The most troubling factor, according to Taylor, is the dearth of credit. “My concern is that with the June data,” he says, “the credit isn’t coming back as strongly as we thought. Credit availability remains an important factor in this marketplace. Consumer confidence is up, and if consumers can find the credit to take advantage of that confidence, we should see an improvement for the second half of the year. But we need the availability of credit. We don’t have a financial system in place. If demand in July were up to the level where we would see that 5 million extra units this year, the credit wouldn’t be available to support it.”
The credit crunch isn’t just being felt by consumers, but also by dealers who are struggling to finance their inventories, or floor plans. Many banks have discontinued floor-plan financing leaving dealers scrambling to secure the credit needed to buy vehicles from their respective manufacturers.
Continuing sluggish new-vehicle sales means consumers can get better deals in the showroom. Look for deeper discounts, heftier rebates and bargains on credit rates. For example, the redesigned Ford Taurus goes on sale late this summer with a $1,000 rebate, and an additional $500 back for taking delivery by Sept. 1. GM ran a zero percent finance rate promotion early in July during what it called a “72-Hour Sale.” It included all Pontiac models and other select GM products.
Marketing is becoming ever more creative as well. Through the end of August, Hyundai is offering to lock in the price of fuel at $1.49 per gallon for a full year (12,000 miles maximum) based on the EPA’s combined city/highway fuel economy of the Hyundai purchased. Suzuki has announced a three-month free-gas program on new 2009 SX4 sedan and crossover models purchased on or before Aug. 31. Moreover, if you buy versions with a manual transmission, they will give you an additional $2,000.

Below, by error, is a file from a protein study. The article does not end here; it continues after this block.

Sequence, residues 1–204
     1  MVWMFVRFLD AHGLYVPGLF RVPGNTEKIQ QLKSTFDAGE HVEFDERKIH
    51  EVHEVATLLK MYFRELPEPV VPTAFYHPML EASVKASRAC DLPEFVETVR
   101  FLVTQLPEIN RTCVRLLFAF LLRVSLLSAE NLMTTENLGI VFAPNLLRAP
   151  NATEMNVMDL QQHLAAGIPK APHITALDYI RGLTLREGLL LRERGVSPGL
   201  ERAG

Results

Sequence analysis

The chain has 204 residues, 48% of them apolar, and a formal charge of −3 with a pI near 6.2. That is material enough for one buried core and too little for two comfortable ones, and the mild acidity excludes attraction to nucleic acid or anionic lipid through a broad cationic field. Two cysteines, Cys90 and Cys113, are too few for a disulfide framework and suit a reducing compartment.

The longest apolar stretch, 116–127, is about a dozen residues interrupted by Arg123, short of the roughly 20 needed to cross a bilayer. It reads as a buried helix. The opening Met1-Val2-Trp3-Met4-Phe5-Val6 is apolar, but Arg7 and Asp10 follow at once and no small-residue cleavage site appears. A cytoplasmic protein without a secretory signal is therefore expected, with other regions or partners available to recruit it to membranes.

Other than the usual bloodletting you might expect when a manufacturer reorganizes as Chrysler and GM are doing, brand lineups remain virtually unchanged. Americans still like their big sedans, pickup trucks and SUVs. Crossover year-to-date sales are down 13.3 percent from last year, and pickups are off 25 percent. Taylor attributes some of this relative sales strength to the fact that the light truck segment took its lumps last summer when gas prices peaked at over $4 a gallon. Although last year’s spike in pump prices gave some pause to some potential big-vehicle purchasers, many of them didn’t go into smaller vehicles. Instead, they continue to wait on the sidelines to see if fuel prices are going to stabilize or increase. If fuel prices don’t take a big bounce up during the next six months, there could well be some pent-up demand that will play out late this year or in early 2010.
Taylor remains confident sales will exceed 10 million units this year. “If sales don’t get to 10 million this year,” he says, “it will indicate an economy that isn’t good for anybody. I am confident we will get above 10 million.”
What about 2010 and further into the future? “We will see 11 (million) to 12 million sales in 2010,” Taylor predicts. “It’s associated with an economy that’s coming back and should reflect the increase stimulus in government spending over the last 18 months. We are on our way back to 15 million units, but that’s several years away.”